An employer tried to file a 1099 for me, but couldn't. It was rejected saying my ssn was invalid, even though we verified the ssn submitted several times. This site has given me peace of mind that the problem wasn't related to fraud or identify theft.
Identity Theft / Fraud Using your Social Security Number
If you suspect your Social Security Number has been used to commit identity theft, contact the Federal Trade Commission (FTC), which is charged with handling most identity theft complaints. at 1-877-IDTHEFT (1-877-438-4338) or go to: Identity Theft Complaint Form. To order a copy of your Social Security Administration earnings and benefits statement, or to check whether someone has used your Social Security number to get a job or to avoid paying taxes, visit www.socialsecurity.gov/statement/. If you need a copy of your Free Annual Credit Report go: annualcreditreport.com.
Stop Harassment by Collection Agencies
for Credit Problems Caused by Identity Theft!
Did you know that it is illegal for collection agencies to harass you once you have notified them that the debt is due to Identity Theft? Here are some steps to take if you find yourself in this situation:
Contact the fraud department of any one of the three major credit bureaus to place a fraud alert on your file.
Close the accounts that you know or believe have been tampered with or opened fraudulently. Use the ID Theft Affidavit (www.consumer.gov/idtheft) when disputing new unauthorized accounts.
File a police report where you live.
Get a copy of the report or report number.
Contact any of the other agencies specific to your particular type of Identity Theft.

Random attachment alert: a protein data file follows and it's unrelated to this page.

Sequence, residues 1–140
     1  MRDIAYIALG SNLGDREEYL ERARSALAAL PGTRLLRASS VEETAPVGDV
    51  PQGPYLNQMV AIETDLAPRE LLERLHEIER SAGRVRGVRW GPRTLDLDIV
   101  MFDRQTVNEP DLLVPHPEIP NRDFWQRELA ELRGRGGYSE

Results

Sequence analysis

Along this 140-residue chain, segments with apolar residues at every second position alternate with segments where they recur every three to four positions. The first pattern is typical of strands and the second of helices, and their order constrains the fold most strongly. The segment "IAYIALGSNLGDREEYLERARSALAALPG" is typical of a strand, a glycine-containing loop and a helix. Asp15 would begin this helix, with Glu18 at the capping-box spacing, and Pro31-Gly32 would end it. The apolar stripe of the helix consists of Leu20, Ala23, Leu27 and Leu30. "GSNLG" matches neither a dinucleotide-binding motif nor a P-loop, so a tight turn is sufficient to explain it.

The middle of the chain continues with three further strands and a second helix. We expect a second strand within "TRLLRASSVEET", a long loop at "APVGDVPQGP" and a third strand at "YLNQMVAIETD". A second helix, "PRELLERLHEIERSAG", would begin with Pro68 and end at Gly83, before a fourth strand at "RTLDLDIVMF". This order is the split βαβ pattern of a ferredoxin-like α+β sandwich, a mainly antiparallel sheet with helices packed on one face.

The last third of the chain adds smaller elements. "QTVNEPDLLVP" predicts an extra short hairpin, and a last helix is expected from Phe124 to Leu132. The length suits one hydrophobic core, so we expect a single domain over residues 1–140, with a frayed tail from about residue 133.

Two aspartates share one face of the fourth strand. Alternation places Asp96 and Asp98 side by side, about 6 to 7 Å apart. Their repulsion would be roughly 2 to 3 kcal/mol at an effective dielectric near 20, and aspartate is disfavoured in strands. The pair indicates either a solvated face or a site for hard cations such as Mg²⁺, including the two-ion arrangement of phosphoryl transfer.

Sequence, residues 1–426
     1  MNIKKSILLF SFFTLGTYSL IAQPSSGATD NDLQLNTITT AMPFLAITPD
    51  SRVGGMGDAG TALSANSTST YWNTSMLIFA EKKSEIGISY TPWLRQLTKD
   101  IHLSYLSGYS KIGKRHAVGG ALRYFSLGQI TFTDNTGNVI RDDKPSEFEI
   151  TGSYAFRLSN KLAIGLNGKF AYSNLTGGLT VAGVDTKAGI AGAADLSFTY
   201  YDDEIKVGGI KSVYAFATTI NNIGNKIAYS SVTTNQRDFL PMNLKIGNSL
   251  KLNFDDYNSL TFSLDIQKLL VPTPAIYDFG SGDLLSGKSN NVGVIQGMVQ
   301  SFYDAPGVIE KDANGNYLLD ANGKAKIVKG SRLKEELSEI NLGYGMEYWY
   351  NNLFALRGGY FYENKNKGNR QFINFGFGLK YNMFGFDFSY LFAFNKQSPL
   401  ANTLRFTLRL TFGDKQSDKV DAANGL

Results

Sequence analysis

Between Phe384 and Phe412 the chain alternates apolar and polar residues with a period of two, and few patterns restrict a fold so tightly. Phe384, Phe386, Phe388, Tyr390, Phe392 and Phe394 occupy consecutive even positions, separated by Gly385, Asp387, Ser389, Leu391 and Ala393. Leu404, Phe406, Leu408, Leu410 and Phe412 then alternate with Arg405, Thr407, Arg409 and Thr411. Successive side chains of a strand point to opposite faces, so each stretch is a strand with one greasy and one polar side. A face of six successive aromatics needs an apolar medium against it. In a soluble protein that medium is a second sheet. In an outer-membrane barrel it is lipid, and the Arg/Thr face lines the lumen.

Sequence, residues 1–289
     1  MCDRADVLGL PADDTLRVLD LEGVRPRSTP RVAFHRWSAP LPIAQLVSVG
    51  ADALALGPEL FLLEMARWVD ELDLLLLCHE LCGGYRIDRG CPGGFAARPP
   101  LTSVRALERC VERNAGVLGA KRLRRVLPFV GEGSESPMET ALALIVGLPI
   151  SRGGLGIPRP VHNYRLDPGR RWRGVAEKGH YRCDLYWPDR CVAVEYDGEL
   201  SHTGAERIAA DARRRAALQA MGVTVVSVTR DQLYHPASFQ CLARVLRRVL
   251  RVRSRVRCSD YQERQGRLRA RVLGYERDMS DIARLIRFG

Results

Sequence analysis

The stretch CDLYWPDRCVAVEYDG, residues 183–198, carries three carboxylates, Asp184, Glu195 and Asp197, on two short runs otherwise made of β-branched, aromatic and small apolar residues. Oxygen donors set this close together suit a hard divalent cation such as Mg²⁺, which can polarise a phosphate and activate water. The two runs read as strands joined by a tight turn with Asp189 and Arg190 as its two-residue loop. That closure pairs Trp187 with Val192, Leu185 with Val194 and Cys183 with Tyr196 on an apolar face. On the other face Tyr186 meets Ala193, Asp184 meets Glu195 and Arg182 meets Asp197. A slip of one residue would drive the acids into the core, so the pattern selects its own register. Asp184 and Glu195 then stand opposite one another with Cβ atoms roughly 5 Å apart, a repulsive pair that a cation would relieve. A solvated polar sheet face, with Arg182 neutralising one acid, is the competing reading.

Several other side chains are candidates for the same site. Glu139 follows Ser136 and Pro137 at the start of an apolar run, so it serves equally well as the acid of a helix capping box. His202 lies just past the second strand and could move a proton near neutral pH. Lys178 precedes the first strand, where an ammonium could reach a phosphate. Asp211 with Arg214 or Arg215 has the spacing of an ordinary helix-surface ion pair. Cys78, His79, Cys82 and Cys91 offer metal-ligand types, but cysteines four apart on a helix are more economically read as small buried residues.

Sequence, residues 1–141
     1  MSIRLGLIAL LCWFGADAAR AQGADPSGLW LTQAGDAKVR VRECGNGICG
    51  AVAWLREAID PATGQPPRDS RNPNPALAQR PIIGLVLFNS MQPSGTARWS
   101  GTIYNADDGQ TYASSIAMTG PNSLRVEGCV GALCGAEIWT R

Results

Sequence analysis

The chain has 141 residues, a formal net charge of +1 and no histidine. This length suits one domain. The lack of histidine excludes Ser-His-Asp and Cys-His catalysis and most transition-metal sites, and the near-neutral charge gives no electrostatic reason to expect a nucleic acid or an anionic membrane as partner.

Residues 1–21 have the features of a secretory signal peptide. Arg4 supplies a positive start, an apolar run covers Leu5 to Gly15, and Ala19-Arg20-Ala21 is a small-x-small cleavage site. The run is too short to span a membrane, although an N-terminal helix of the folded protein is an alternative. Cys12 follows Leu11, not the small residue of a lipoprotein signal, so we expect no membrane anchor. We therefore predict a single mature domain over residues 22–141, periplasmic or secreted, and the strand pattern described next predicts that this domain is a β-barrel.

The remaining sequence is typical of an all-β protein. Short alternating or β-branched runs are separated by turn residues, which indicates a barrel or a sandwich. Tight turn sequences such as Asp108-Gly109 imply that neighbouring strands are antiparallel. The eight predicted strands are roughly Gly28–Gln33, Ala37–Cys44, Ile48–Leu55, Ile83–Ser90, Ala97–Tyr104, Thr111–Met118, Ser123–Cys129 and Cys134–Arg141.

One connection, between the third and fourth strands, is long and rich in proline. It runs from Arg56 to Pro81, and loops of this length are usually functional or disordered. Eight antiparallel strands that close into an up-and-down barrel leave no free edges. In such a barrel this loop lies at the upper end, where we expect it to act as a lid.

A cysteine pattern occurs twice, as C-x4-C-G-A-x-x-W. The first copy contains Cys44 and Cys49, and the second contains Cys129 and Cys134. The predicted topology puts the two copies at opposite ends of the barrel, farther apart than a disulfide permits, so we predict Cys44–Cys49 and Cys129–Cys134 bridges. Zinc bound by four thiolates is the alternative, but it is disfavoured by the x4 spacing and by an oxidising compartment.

File your complaint with FTC.
Follow up in writing. Attach a police report/number along with any other documentation you may have. Send Certified Mail - Return Receipt Requested.
Below are some tips for recognizing when you have possibly been a victim of identity theft:
If you did not receive an expected bill or statement by mail - or you receive a bill for something you didn't order.
If unexpected charges occurr on your account credit cards.
If there are charges on your account from unrecognized vendors.
If posted checks appear on your Bank account significantly out of sequence.
If you receive credit cards that you didn't apply for, in your name or someone else's!
If you are denied credit or are offered less than favorable credit terms for no reason.
If you get calls from creditors or debt collectors regarding merchandise or services that you did not buy.
Different Types of Identity Theft
Identity Theft and your Driver's License Number / Fraud
If your driver's license number has been used to open accounts or verify checks, contact your state's Department of Motor Vehicles.
Identity Theft / Fraud Involving Your Passport
Notify the U.S. State Department's Passport Services Department of the identity theft so that it can intercept anyone ordering a new passport in your name.
When dealing with authorities regarding your Identity Theft issues:
Keep a Record
Because recovering from identity theft can be a long and complicated process, it's important to keep a record of all of your communications. If you talk on the phone, make a note of the date and who you spoke with. Send all letters by certified mail and keep copies. If you think your case might lead to a lawsuit, keep track of how much time you spend dealing with the problem.
File a Police Report if you suspect Identity Theft
Report the crime to the police or sheriff's department that has jurisdiction in your case and request a police report. Jurisdiction would be where you live, or where the crime happened. Though the authorities are often unable to assist you, a police report may be necessary to help convince creditors that someone else has opened an account in your name.
Contact the Federal Trade Commission if you suspect Identity Theft with your Social Security Number
Call the FTC's identity theft hotline at 877-438-4338 and file a complaint. The FTC does not resolve individual consumer problems itself, but your complaint may lead to law enforcement action.
Check and Monitor your Credit Reports if you suspect Identity Theft with your credit
Get your credit reports from all three nationwide credit reporting agencies and check for inquiries that you do not recognize and any new accounts opened in your name. Because new accounts may take up to six months to show up on the report, continue to monitor your credit reports on a regular basis.